2024 eclipse timelapse by Ashley Lian

In a past life I was an astrophysicist

An astrophysicist uses mathematics and computation to make inferences and test hypotheses about how the universe works. An astrophysicist might study how stars move, how stars are borns, or how they die. They could study giant molecular clouds or black holes or galactic mergers. Even as an astrophysicist myself, I find that the majority of the field remains largely inaccesible because of how specialized each area of research is.

There is a common misconception that astronomy and astrophysics are interchangeable, one in the same. I see astronomy as the deceptively broad catagory of science of all things outside of our world, the study of what the universe is like. Astrophysics, on the other hand, is the study of how the universe works. But even within this category, astrophysicists have incredibly diverse disciplines. With four astrophysicists in a room, one may study planets, another stars, and the other two study black holes but one focuses on the radiation emitted from ancient active galactic nuclei and the other the theoretical implications of warped space-time. In essence, despite having the same disciplinary title, it's entirely possible each of these four astrophysicists would have no idea what the others are talking about. Such is life in the hyper-specialized world of science.

My specialty is the computational modeling of the formation of star clusters. Stars all form from the collapse of gas in a giant molecular cloud (GMC). The vast maojrity of stars also form in clusters, spatially compact systems where hundreds, thousands, or tens of thousands of stars closely interact gravitationally with one another. So where does my work come in? Why are computational models necessary to study this? Observing star cluster formation is notoriously difficult. The process of GMC collapse, the formation of individual stars, and the hierarchical assembly of the star cluster takes place over hundreds of thousands or millions of years. The nearest regions of star cluster formation are not only many thousands of lightyears away, but they also tend to reside deep within GMC structures which block our ability to watch the formation of the embedded clusters. But, we are able to observe star clusters that have successfully formed and cleared their surroundings of dense obscuring gas. Therefore we know what the star cluster formation process results in, but it is currently unknown how that processs gets to the point of completion. It is my job as a computational astrophysicist to help find out how star cluster formation works. This is a particularly difficult task since the star formation process is incredibly complex. Such simulation require detailed magnetohydrodynamics, realistic heating and cooling of gas, gravitational interactions between stars and stars and gas, and radiative and both radiative and mechanical feedback mechanisms from massive stars (ionizing radiation, stellar winds, and supernovae).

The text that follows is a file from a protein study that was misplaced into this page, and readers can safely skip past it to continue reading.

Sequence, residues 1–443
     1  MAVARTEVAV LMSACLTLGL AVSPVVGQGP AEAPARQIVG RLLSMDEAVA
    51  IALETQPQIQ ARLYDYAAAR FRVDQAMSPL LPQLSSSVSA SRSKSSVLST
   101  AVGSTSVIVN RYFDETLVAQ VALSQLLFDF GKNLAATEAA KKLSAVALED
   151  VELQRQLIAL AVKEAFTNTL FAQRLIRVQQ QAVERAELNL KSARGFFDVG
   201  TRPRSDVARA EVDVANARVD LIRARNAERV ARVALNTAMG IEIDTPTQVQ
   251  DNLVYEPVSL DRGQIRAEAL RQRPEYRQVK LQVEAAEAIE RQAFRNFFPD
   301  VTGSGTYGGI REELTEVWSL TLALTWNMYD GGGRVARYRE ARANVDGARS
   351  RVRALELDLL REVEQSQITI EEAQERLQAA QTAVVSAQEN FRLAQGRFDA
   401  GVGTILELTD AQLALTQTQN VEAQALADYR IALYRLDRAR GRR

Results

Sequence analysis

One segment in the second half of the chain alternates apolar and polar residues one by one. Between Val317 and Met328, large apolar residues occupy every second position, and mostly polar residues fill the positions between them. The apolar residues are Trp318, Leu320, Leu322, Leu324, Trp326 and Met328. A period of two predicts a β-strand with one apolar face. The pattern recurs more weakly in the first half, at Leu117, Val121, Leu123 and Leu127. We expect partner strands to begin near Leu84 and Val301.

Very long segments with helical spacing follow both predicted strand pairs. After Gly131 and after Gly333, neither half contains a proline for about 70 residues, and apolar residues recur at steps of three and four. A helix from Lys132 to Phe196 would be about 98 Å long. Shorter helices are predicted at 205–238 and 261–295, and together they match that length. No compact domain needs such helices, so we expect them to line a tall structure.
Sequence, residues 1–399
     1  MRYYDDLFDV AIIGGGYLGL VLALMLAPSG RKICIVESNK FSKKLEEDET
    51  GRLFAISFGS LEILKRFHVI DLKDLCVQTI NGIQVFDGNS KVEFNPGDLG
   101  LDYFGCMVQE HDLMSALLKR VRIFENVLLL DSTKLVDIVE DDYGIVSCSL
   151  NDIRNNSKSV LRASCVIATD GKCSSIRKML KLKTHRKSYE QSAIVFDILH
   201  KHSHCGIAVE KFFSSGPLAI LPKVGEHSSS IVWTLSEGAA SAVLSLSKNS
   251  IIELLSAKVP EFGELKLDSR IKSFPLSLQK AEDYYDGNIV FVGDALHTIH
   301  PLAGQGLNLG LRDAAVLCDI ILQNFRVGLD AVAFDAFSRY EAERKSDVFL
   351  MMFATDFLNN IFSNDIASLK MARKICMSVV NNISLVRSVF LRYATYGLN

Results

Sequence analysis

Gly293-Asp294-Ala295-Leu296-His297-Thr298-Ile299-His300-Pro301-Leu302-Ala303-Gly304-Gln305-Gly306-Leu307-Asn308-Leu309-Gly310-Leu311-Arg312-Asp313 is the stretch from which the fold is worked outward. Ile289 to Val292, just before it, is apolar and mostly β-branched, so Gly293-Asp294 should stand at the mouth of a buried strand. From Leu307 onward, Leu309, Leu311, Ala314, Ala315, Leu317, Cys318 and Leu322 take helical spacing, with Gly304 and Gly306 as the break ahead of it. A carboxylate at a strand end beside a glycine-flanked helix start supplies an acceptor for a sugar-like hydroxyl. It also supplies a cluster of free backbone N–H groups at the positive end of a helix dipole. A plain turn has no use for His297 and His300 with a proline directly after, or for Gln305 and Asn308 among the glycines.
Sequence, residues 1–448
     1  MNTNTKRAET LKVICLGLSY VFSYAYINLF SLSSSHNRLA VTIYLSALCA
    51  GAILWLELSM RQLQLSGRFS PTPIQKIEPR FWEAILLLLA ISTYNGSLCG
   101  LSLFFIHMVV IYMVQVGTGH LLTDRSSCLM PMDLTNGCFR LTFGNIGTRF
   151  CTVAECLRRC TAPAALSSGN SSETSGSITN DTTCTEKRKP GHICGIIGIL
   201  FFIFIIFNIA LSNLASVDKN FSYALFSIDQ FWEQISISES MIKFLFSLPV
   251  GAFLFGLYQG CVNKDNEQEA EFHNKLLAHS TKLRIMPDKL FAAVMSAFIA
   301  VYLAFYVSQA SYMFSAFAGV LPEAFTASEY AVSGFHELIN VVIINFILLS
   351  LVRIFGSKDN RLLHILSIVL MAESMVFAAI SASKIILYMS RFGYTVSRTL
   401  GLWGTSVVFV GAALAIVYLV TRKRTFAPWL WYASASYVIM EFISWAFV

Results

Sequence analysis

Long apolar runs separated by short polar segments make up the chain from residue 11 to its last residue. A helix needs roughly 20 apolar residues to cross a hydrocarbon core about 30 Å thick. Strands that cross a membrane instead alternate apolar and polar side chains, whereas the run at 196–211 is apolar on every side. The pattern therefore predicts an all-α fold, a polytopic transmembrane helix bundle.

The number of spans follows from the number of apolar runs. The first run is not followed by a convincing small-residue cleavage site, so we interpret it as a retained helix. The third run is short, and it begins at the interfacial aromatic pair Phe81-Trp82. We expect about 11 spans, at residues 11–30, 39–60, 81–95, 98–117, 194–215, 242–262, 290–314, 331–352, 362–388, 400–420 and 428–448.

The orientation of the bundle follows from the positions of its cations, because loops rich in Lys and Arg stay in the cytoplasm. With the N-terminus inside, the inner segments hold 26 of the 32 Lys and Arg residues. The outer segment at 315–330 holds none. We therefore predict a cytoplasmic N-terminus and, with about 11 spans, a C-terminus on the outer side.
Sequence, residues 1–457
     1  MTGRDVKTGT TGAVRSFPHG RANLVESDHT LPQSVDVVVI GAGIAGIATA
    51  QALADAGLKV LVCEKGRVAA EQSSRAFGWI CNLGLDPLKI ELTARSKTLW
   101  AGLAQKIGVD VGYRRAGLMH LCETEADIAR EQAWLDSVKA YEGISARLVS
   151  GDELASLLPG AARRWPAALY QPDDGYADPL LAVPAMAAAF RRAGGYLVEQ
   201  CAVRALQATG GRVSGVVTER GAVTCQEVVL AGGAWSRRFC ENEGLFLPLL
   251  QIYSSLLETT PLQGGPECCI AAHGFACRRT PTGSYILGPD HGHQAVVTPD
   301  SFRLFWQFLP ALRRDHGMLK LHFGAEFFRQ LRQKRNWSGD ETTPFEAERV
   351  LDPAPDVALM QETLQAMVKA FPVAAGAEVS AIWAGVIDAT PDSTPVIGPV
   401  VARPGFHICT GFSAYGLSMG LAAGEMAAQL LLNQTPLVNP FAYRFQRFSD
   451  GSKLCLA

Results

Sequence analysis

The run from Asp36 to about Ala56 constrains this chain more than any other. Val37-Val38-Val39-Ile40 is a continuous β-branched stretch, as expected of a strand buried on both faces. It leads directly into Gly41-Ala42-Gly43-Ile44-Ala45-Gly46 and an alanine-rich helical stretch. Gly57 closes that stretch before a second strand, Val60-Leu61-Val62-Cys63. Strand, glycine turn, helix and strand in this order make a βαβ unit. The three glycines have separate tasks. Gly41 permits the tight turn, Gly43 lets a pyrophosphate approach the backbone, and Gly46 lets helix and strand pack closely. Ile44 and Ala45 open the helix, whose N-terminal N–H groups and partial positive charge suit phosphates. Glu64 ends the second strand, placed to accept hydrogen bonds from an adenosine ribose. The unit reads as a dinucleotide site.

New Perspectives on the Formation and Early Evolution of Stellar Clusters

My thesis is two-fold. First, I test the hypothesis that the timing of massive star formation has significant effects on the star cluster formation process. Specifically, that early-forming massive stars supress subsequent star formation and stifles the hierarchical cluster assembly process. Secondly, I have built a revolutionary tool which bridges two types of hydrodynamical data structures: Voronoi meshes and adaptive mesh refinement (AMR) grids. This tool allows output data from Voronoi mesh codes (which excel at simulating rotating gas and particle structures such as galaxies) to be converted into input data for AMR codes (which are faster and more capable at resolving intense shocks). My tool can ultimately be used to bridge the gap between galaxy simulations and detailed simulations of individual star forming regions, a feat which is computationally impossible to achieve with any single simulation.

Other than astrophysics, my endeavors as a Ph.D. candidate have also resulted in several computer science projects of which I am particularly proud. I built a parallel processing Python library that utilizes MPI packages to allow for more efficient task-based parallel processing rather than the slower data-based processing. From scratch, using only numpy Python libraries, I built a customizable L-layer neural network with any number n neurons per layer. I have also amassed an enormous array of data visualization routines, some taking advantage of my parallel processing library, and others utilizing other visualization-specific packages to generate images fit for presentations at conferences such as the American Astronomical Society (AAS-233, AAS-236) at which I received the Chambliss Astronomy Achievement Graduate Student Honorable Mention for my poster presentation.